The benchmark has been designed to be easy for you to run once you check-out the code, refer the end of this blog post for details. The details of the environment I used for the results posted here are as follows:

  • java.runtime.version : 1.6.0_16-b01
  • java.vm.name : Java HotSpot(TM) Server VM
  • java.vendor : Sun Microsystems Inc.
  • os.name : Windows XP
  • os.version : 5.1
  • sun.os.patch.level : Service Pack 3
  • Intel Core 2 Duo 3.01GHz
  • 3 GB RAM

Feel free to post your results or suggest changes to the code.

Seam / JSF vs Wicket: performance comparison

A while after Seam support for Apache Wicket was announced, I downloaded Seam and took a look at the Wicket example. Then an idea struck – how about doing a performance comparison – I mean, here was the very same application implemented in JSF and Wicket – right? So I decided to write a JMeter script for both the JSF and Wicket versions of the Seam “hotel booking” example and compare results. I started right away but very soon got tired of waiting for app-server re-starts on my trusty laptop (Jetty has really spoiled me) – and it kind of bothered me that the Seam examples were not in Maven 2 layout. Anyway, at some point I decided to re-write an “EJB-free” version of the Seam booking example using just Wicket and JPA. And use Maven and Jetty. And… one thing led to another – and what I ended up doing is this:

  • Adapted the Seam JPA example (the one that does not use EJB) as the baseline application. Converted it into a Maven 2 WAR project which can run on Jetty.
  • Implemented what I hope is the exact equivalent of the above using only Wicket and JPA, also Maven-ized and Jetty-fied. Decided to also experiment with some of the ideas in this blog post.
  • Wrote a JMeter script for both applications taking care to exercise identical functionality.
  • Used an Ant script to run the JMeter scripts in batch mode (passing number of concurrent users as a parameter) and start / stop Jetty in sync.
  • Automated the entire cycle of running the load test for 1, 5, 10, 15 and 20 concurrent users including some code to parse the JMeter logs and generate a CSV file of tabular results.
  • Also included an Ant target that takes a JVM heap dump at the end of the load test – just before the users are logged out and the HTTP sessions killed.

I was able to re-use the official Seam Wicket example to some extent, mainly the HTML files – but the Java side is almost completely re-written. The Seam booking example covers quite a bit of ground from the framework comparison point of view – for example:

  • Security – some pages are secured and redirect to a login page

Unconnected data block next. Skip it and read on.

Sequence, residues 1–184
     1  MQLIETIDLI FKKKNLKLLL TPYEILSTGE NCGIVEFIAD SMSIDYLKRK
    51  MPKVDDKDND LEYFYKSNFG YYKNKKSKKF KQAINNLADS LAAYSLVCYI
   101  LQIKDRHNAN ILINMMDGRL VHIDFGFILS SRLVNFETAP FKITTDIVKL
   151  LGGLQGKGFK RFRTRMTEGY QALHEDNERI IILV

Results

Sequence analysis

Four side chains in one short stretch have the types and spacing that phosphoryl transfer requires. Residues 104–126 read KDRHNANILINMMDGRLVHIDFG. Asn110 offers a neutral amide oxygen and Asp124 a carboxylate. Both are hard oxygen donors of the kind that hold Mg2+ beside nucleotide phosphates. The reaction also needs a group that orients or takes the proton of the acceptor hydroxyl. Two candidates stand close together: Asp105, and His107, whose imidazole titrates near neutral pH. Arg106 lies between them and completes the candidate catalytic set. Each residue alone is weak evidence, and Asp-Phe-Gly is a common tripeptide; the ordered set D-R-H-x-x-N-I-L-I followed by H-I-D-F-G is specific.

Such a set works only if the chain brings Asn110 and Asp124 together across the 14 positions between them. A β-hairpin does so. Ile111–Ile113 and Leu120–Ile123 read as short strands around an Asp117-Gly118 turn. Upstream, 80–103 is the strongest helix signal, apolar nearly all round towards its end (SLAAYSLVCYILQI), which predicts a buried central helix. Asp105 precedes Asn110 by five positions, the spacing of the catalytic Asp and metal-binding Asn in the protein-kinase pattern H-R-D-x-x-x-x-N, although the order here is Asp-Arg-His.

• Templating – some pages inherit from a common layout with a header / footer defined
  • Ajax
    • hotel search results refresh as you type and a “busy” image is shown during the Ajax request
    • form field validations occur as soon as the field loses focus
  • Session scope – some state is stored and retrieved in the session
  • Page navigation / state
    • user navigation state transparently managed by the framework
    • user should be able to work in multiple concurrent conversations (browser tabs)
    • the browser back button should work as expected
  • JPA – getting access to the entity manager and transaction management
  • Forms – binding, validation and displaying error / info feedback to the user
  • Hibernate Validator – annotations on the JPA entity classes are re-used for form-validation

Both sides use the exact same entities, persistence.xml and initial HSQLDB import. I’m using the latest Seam 2.1.1-GA and Wicket 1.3.5. Disclaimer: my Wicket code may not be ideal, and I’ve also experimented with a custom RequestCycle for JPA and tried to use inherited models as far as possible. Instructions on how you can download the source and run the scripts on your local machine are at the end of this blog post.

I may do some follow up blog posts on how the code compares between the Seam / JSF and Wicket implementations, and also share some tips on writing JMeter scripts and automation using Jetty, Ant etc. I’m also expecting to have to make corrections and changes to the code based on feedback. For now, I’ll summarize my observations on performance and memory usage.

In the JMeter script, except for the login and logout (first two rows and last row), the actions are executed in a loop ten times for each concurrent user. So if the number of concurrent users is 20, the login and logout actions happen 20 times and the rest 20 x 10 times. The numbers below are average page response time in milliseconds.